Vanessa Carlton has gone through a lot of changes since her last album released in 2007, which is why it’s taken so long for us to have new music from her. Rabbits on the Run will release on Razor & Tie Records next month, and it appears that, in addition to getting older, the singer/songwriter has also gotten darker and more adventurous. And if her first single, “Carousel,” is any indication, it’s hauntingly good, and just in time for summer evening listening.
Vanessa chatted with us about how she writes songs in her sleep and why she came out as bisexual at a Nashville Pride performance last year.
AfterEllen.com: It’s been a couple years since your last album. What has it been like from 2007 to now? What has happened to you, what has fueled the album?
Vanessa Carlton: It’s been a couple years since I woke up. There was a lot of analysis of my past — personally and professionally. … I think I was on a path to answer a lot of those questions. … Everyone goes through their trials and tribulations — especially in their late 20s — and I was no exception to the rule. I would say that all that kind of darkness — I went on this huge quest of personal revolution that led to me to writing again.
I’m sorry, it’s difficult for me to articulate because there is so much that went on. I think, slowly over the years, I’ve felt more comfortable talking about all the stuff that’s going on, so it’s just a huge shift in my life and I’m just so grateful. I’m so grateful to be able to wake up and I’m so happy to be alive and turn 30 and to be able to do this record.
AE: With the song “Carousel” I noticed you had tweeted that you woke up and were singing this song. Could you tell me a little about that?
VC: Yeah. I have these dream songs and they’re wonderful dreams, but then you wake up and they’re crap songs — they’re not great. Or I forget them because they’re just snippets of your subconscious, I guess. I don’t know. But this one, I just woke up with that singing line in my head [hums melody] and I love that. So I went out, at 3:30 in the morning, and played it on the piano and put it on my Garage Band and then went back to bed. But I couldn’t go back to sleep so I just lay there and the lyrics kind of slid in and I wrote it just with my thumbs on my Blackberry, in the dark. And the next morning I woke up and I forgot that the whole thing went down. I just thought the whole thing was a dream. Then I went and checked my iTunes and I played it the little demo I made and it had really happened. And it was a really kind of lovely.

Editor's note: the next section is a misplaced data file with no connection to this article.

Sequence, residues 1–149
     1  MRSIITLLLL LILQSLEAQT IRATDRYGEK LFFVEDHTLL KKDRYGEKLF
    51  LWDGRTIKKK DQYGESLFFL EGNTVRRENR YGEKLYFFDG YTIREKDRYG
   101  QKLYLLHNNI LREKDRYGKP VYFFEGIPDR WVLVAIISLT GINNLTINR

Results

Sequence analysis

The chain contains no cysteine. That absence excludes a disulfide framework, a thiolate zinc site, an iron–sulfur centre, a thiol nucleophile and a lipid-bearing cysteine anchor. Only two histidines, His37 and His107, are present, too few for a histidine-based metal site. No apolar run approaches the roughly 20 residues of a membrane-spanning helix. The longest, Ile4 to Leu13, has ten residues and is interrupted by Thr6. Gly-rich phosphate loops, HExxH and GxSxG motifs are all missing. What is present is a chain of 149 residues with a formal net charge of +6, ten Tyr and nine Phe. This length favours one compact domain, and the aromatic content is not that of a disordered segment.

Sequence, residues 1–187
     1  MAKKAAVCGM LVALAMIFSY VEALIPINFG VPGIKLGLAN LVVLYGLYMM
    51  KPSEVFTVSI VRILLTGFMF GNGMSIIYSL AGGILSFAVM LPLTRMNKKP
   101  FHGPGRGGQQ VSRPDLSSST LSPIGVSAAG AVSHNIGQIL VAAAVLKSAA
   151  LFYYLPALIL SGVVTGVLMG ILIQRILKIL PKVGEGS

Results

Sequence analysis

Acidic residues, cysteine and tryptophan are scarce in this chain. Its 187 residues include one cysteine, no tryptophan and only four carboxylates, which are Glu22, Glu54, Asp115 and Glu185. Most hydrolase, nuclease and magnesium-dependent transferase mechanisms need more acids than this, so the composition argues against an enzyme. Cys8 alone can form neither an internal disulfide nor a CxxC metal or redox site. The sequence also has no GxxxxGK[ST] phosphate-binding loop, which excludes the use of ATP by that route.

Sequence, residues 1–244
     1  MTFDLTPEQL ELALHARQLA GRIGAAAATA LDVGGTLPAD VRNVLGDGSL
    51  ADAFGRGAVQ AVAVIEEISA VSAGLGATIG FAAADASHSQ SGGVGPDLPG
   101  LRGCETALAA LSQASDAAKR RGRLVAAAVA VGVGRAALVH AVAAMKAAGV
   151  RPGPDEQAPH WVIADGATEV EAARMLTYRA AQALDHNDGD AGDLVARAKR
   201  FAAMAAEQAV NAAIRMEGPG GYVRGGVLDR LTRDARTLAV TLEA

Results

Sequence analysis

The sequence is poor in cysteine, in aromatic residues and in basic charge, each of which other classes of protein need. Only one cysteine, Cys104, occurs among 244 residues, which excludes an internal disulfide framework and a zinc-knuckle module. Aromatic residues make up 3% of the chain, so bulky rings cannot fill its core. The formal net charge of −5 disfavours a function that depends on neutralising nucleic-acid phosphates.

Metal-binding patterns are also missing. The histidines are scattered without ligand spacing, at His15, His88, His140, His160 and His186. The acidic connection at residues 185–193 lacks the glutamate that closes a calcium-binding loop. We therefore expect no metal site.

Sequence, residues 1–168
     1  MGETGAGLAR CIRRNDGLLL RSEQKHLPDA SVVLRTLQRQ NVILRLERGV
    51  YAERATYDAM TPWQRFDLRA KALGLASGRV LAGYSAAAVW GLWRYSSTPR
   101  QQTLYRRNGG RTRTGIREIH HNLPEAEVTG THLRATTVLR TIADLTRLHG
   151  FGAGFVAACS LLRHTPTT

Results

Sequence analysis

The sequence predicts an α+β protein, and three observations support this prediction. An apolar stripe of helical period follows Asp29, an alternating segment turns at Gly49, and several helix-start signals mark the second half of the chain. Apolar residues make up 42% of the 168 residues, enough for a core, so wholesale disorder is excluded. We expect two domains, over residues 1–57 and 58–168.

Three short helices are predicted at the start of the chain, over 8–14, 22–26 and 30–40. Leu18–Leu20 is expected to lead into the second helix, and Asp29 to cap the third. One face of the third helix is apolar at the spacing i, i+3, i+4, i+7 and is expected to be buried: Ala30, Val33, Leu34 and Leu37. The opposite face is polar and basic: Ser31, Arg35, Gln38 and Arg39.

You know, things were getting really dark and my friend KT Tunstall, a wonderful singer-songwriter — I played her another idea, it was about death or something, or lavender, I don’t know, and she looked at me and said, “Vaness, don’t get too dark.” And I’m really glad she said that because it really gave me permission, in a way, to let the light in. This was the first shard of light that crept in on this record, and I just love that now it’s opening the record.
AE: At what point did you bring in the kid’s choir to work on the songs like that? Because I feel like it does give it a little brightness but also kid’s choirs can be haunting, they use them in horror films to be kind of creepy. [Laughs]
VC: Yes, I love things that creepy and provocative and beautiful at the same time. When the kid’s start singing, it starts to sound like music from another dimension. And that’s the greatest compliment anyone has ever given me: “Your music sounds like it’s coming from another dimension.” The middle of that song is almost like a séance, like a ritual or a mediation on those lyrics, and that kind of prayer. The children bring that to life.
AE: Are those elements on the rest of the album? Is “Carousel” a good introduction to what the entire thing is going to sound like?
VC: I would say that the palette of sounds that you’re hearing on “Carousel,” yes, that’s the palette of the record. Again, though, that’s on the brighter side of the spectrum lyrically. Kids are woven throughout. It is a more stripped back record, it’s arts and crafts, for sure. It’s the record I’ve always dreamed of making.